The pages on this website are excerpts from the book, BasicSynth: Creating a Music Synthesizer in Software (ISBN: 978-0-557-02212-0). The printed book is available direct from the publisher, through Amazon.com, and should also be availble for order from various book stores. A downloadable version is also available on iTunes.
The complete source code to the BasicSynth library and example programs is available on sourceforge.net under the project name basicsynth. The current source distribution contains signal generation classes, sequencing, pre-defined instruments, the Notelist score parser, and numerous example programs. In addition, a complete, interactive software synthesis system called BasicSynth Composer is included in the source beginning with version 1.1.
A compiled version of BasicSynth Composer for Windows is also available on sourceforge. Download.
Questions or comments can be e-mailed to dan [at] pheugo.com, or you can use the project forum on sourceforge to post questions, corrections, or additional information.
Calculation of peak amplitude in decibels. Addendum to Chapter 6.
Constant rate envelope generators. Addendum to Chapter 6.
Multi-period wavetable oscillators. Addendum to Chapter 8 Explains digital oscillators for sampled wavetables. These wavetables are the type found in SoundFont(tm) and MIDI DLS files.
Like many of my generation, my first exposure to synthesized sounds came through the Switched on Bach recordings by Walter Carlos. Those recordings opened up a whole new world of sounds for many of us. But my real introduction to synthesizers came a few years later when I built my first synthesizer from a PAIA kit. It was not much of a synthesizer. I had one VCO, one VCA, one VCF, AR envelope generator, LFO and keyboard, and soon discovered that without a multi-track recorder there wasn't much you could do except make interesting sound effects. Nevertheless, that little synthesizer allowed me to gain an understanding of how synthesizers make sounds. A few years later I enrolled for graduate study at the University of North Texas and finally got my hands on big synthesizers in the form of a large Moog system and Synclavier II digital synthesizer. A good deal of my time in graduate school was spent hanging out in the electronic music labs with other composers speculating about different ways we might make new sounds.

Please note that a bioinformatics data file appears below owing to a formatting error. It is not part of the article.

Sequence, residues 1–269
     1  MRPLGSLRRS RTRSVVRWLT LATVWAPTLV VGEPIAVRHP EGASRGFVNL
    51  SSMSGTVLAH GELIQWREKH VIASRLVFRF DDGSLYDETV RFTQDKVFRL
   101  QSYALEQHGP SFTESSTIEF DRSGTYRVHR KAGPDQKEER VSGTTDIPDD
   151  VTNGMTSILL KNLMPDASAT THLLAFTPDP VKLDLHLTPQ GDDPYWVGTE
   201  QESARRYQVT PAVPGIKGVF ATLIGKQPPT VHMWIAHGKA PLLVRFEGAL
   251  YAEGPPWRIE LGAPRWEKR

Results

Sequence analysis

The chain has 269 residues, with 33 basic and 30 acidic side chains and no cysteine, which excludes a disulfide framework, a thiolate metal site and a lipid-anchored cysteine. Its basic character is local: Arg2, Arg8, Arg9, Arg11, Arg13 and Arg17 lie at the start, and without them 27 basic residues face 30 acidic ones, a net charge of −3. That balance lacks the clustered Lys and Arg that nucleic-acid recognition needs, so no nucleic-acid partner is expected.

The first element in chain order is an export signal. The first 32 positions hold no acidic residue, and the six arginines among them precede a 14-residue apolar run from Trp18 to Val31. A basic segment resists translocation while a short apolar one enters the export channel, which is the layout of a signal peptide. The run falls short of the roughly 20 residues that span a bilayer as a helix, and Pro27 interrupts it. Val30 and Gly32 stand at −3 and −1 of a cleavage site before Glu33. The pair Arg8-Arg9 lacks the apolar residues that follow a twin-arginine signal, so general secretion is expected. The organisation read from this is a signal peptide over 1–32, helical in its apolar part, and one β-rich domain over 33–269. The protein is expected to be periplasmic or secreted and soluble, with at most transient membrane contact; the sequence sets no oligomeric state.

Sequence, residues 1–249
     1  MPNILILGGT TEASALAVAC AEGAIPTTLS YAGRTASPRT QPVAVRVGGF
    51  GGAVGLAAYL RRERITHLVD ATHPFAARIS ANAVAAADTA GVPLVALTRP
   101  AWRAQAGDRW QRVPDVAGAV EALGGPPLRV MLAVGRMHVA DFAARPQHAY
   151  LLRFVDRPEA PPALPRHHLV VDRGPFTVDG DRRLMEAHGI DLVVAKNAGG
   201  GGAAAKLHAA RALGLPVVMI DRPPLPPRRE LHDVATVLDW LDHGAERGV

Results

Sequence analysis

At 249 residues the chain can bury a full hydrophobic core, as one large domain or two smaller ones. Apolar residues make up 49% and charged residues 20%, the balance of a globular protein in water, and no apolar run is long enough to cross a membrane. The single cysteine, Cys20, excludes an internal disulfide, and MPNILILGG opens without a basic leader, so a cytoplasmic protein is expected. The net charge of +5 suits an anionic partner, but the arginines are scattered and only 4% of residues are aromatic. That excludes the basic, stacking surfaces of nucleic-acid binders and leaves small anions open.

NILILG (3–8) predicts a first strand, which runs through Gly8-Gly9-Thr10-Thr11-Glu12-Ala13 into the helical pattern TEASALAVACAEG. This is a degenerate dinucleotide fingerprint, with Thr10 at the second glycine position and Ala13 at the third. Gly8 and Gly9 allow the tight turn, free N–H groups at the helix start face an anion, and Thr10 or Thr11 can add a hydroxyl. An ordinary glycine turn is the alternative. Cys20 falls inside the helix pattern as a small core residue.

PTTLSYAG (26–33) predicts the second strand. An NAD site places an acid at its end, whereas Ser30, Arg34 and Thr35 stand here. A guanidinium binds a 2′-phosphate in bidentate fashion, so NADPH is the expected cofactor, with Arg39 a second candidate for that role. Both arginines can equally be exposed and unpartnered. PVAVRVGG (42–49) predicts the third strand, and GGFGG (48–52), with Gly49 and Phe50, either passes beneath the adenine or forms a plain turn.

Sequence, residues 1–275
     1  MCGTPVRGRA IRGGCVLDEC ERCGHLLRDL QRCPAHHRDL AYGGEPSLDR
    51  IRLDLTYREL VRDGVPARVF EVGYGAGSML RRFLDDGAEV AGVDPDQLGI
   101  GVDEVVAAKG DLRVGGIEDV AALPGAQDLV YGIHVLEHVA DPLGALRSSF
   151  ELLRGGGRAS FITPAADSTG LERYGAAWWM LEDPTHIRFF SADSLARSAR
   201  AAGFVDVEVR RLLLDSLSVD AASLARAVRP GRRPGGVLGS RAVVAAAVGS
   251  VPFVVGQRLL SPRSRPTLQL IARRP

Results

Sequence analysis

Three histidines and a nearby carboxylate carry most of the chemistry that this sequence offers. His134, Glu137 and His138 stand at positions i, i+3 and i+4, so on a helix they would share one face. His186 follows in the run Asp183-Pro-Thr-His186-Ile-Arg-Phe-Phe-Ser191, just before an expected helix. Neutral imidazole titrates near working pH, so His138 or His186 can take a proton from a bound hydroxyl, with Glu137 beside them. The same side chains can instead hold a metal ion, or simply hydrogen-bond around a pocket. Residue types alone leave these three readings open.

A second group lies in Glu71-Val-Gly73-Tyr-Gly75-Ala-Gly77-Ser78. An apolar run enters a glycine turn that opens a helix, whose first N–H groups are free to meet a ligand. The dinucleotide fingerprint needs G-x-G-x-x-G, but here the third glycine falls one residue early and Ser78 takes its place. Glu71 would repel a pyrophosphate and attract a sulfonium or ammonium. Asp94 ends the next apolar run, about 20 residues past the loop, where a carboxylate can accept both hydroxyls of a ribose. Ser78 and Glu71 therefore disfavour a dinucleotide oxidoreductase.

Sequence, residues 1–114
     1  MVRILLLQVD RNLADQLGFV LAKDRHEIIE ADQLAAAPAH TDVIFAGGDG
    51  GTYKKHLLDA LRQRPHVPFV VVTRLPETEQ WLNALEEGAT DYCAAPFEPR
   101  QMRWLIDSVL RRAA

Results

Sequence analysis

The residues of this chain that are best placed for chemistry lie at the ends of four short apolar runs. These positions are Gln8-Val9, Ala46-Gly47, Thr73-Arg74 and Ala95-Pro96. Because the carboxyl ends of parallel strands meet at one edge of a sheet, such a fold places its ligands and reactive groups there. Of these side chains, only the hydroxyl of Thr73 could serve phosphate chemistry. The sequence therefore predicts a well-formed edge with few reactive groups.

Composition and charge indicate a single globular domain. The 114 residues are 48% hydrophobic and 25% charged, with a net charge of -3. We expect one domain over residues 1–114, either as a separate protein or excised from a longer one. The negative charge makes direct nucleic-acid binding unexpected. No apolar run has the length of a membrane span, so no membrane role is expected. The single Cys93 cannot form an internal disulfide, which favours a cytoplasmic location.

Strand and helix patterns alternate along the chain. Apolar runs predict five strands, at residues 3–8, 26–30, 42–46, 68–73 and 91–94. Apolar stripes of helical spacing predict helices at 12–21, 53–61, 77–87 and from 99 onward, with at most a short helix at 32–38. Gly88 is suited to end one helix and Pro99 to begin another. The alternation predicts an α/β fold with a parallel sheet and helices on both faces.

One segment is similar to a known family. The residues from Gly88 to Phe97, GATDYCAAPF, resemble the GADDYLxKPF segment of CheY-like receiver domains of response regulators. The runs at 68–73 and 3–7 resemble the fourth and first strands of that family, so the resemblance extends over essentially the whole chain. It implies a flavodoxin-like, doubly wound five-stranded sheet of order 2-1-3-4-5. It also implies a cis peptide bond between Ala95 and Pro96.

Later, after I had left school and begun work as a computer programmer, I began to purchase my own synthesizers. My first bonus check from my job went for a down payment on a Yamaha DX7, a remarkable synthesizer for its time. Hooked up to my Commodore C64 computer through a home-built MIDI interface, it gave me a way to continue to use computers and synthesizers to make music. Not having any commercial music software available, I wrote a simple sequencing program dubbed Notelist.
Eventually the keyboards got put away in favor of software synthesis using CSound, a direct descendant of the granddaddy of all software synthesis system, MUSIC by Max Matthews. But, as flexible and powerful as a program like CSound is, I always missed the interactive creation of sound through a keyboard like the DX7. Being able to hear how the tweaks affect the sound is very useful. Thus, I eventually decided to create some synthesis software routines so that I could get a more immediate result. Over time, my short routines grew into a fairly large synthesis system, and the software on this site is the current version of that endeavor. Just as I discovered when building my own synthesizer as a teenager, I found that having to program the synthesis system myself improved my understanding of the underlying equations and algorithms that are used to create sound on a computer. Hopefully, documenting how I went from simple sound generators to complex instruments will help others gain a similar understanding.
Along the way I developed some useful utilities to help me explore software synthesis techniques. Most of what these utilities do could be done in a system such as CSound or Pure Data. But having a nice interactive program is very useful. The utility programs can produce sound immediately and can also produce an output of the graphic for documentation.
It is not the purpose of this website to describe signal processing theory in detail. We can take it for granted that the mathematicians and engineers got it right, and use the derived equations. Likewise, this site does not explore any new or original methods of sound synthesis. The examples shown here are the way most synthesis software is implemented and has been implemented since the 1960s. Instead, this information is intended as an introduction to software synthesis with a focus on the practical problems of programming the sound generation routines and combining them in a way to produce an efficient working synthesizer.
Daniel R. Mitchell (dan[at]pheugo.com)